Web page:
Learning From Lottery Winners That Go Bankrupt

One of the most important academic insights into human nature can be found in this 2009 research paper published in the Vanderbilt Law and Economics Journal titled “The Ticket To Easy Street: The Financial Consequences of Winning The Lottery.” This research essay tracked down the winners of the Florida Lotto and Fantasy Five (another Florida lottery) and cross-referenced those winners with bankruptcy filings over the subsequent twenty years. It found that lottery winners were over 5x as likely as the typical individual to file for bankruptcy over twenty-year period. 

An author of the study, Mark Hoekstra, added this commentary about his research findings: “The fact that winning a large sum of money only postponed bankruptcy rather than prevented it didn’t surprise me too much. But I was struck by the fact that when the recipients of large sums did file for bankruptcy, they didn’t have much of anything to show for the winnings they had received. It didn’t go toward a house, paying down debts or buying assets that were worth something a few years later. We couldn’t find any evidence that five years earlier, these people had received what would be, for many people, a life-changing amount of money.” 

The problem here is thinking of an amorphous sum of capital, be it $10k, $100k, or $1 million, isn’t self-evidently clear on how the wealth can be deployed in a systematic manner to generate ongoing benefits over the course of a lifetime. 

The premise of launching this blog and titling it “The Conservative Income Investor” is that there is something to that old British notion of translating any lump sum of capital into its sustainable equivalent. This means you don’t focus so much on viewing ownership of a rental home on the fact that its market value is $100,000 and its sale value might increase by 5% per year, but rather, that you should view it as a monthly income stream of approximately $700 (after taxes and expenses) because consumption and preservation march in lockstep from that point onward. You could spend the $700 every month, and ten, twenty, thirty years later, you would still have an original source of value (i.e. the home) provided that taxes were paid and the ongoing maintenance heeded.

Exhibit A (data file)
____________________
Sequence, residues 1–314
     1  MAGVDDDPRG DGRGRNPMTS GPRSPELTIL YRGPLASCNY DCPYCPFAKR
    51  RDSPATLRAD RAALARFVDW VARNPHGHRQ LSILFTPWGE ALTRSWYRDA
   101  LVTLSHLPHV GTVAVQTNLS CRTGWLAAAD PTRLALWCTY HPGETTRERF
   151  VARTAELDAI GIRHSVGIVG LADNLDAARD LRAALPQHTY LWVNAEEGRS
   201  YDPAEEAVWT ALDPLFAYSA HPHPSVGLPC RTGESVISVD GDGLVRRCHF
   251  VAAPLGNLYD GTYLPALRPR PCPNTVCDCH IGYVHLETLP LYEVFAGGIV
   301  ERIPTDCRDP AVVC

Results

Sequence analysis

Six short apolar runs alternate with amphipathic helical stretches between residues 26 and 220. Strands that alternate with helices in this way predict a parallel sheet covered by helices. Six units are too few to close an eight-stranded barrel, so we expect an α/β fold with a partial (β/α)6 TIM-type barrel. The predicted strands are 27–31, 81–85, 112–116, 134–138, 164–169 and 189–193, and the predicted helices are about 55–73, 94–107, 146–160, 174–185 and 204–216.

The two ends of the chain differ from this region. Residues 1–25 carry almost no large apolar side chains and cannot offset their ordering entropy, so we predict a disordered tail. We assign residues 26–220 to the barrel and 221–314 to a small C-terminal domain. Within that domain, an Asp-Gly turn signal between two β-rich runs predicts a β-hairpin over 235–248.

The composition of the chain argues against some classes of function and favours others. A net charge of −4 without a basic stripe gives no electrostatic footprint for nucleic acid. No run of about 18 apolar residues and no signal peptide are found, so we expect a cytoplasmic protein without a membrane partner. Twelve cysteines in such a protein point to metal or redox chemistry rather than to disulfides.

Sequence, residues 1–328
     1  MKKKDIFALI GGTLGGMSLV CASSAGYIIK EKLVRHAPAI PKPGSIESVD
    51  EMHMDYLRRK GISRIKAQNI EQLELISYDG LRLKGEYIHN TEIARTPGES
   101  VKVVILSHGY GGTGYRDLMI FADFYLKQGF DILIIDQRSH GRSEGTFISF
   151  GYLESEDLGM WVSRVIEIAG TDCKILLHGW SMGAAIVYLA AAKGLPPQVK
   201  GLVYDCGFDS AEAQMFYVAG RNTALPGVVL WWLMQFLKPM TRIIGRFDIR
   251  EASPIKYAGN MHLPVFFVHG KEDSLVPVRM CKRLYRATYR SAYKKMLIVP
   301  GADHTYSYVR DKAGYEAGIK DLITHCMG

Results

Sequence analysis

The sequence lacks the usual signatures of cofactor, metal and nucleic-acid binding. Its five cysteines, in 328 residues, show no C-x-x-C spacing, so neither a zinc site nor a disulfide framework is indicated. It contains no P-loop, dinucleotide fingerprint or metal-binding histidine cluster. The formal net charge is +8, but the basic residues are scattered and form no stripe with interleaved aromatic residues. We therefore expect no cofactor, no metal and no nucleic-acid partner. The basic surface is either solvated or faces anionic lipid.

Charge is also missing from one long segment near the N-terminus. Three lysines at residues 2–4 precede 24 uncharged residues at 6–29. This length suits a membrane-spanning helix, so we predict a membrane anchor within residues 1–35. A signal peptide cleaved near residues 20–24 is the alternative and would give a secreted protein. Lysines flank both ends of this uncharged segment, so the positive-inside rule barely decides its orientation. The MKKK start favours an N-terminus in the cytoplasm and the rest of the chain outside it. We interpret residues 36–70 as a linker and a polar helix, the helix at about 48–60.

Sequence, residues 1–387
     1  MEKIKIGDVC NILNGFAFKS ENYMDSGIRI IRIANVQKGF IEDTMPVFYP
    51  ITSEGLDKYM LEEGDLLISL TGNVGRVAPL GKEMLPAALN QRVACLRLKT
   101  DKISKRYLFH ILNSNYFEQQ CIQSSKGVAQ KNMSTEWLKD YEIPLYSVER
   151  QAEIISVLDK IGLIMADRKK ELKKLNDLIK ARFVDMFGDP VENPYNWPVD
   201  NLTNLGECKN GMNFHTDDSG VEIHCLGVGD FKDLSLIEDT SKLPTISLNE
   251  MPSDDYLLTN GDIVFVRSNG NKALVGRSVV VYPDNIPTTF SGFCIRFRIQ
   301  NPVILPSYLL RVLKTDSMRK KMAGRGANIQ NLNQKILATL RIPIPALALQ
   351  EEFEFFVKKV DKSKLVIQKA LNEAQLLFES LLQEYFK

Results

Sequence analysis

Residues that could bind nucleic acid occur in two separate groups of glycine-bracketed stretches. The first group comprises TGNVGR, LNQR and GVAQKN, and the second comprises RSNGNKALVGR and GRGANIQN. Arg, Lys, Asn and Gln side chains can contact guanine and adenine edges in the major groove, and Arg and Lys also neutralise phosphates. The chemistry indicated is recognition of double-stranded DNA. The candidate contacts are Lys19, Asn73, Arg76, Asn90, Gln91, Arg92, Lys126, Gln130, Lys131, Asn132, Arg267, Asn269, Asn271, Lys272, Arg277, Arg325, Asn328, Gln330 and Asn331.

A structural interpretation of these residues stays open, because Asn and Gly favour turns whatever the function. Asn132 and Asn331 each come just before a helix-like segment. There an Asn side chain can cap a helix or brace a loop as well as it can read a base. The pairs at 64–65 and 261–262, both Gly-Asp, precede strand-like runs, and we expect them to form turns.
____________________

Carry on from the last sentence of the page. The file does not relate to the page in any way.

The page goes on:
In the case of those early 1990s Florida lottery winners, the failure to adequately monetize the lottery winnings is especially poignant because interest rates were higher back then so the possibility of 7.33% yielding treasury bonds for thirty years was on the table. Such a lotto winner could have taken the $125,000, or whatever the sum of capital might have been, and turned it into $9,162 in annual income from 1993 through 2023 with the original $125,000 returned at the end of the compounding period. Given that the income of the typical lottery winner is $48,323, the extra $9,162 could have effectively served to give the winner the annual earnings power of $57,485. You could either blow the money on a three-year joyride or steward the asset in a manner that permanently upgrades your lifestyle by 20% for as long as you’d like that to be the case (and then you’d still have the capital available for the joyride). 

In his early speeches, Warren Buffett used to state that each dollar in his hand also had “invisible” dollars, quarters, dimes, nickels, and pennies attached to it. If he put the dollar into a productive cash-generating asset, all of those “invisible” dollars and quarters would start to materialize gradually. If he spent the dollar rather than invested it, those “invisible” dollars and quarters would remain invisible forever. It was a fantastic allegory about opportunity cost.

I would also argue that finding a way to turn capital into a sustainable income stream is a much more satisfying way to engage with life. If you turned $125,000 in Florida lottery winnings into a 7.33% U.S. government bond, you would be receiving $4,581 payable to you every six months. You could take that money and spend it however you want with the satisfaction that six months later you will receive yet another payment for $4,581. Your consumption shouldn’t result in any guilt because the capital pile will remain for your use even after the consumption.

On the other hand, if you go out and enjoy a couple vacations and buy a nice car and make other expenditures in depreciating personal property, the clock is ticking. If you don’t find a way to replace the capital that you expended, you better enjoy what you just purchased because there will not be more for you in the future unless you come up with a new way to get your hands on more capital. That will require labor and savvy, which makes things a lot harder for yourself than just wielding pre-existing funds intelligently. 

We are fortunate that we have options available to us where only modest sacrifices can result in great abundance.

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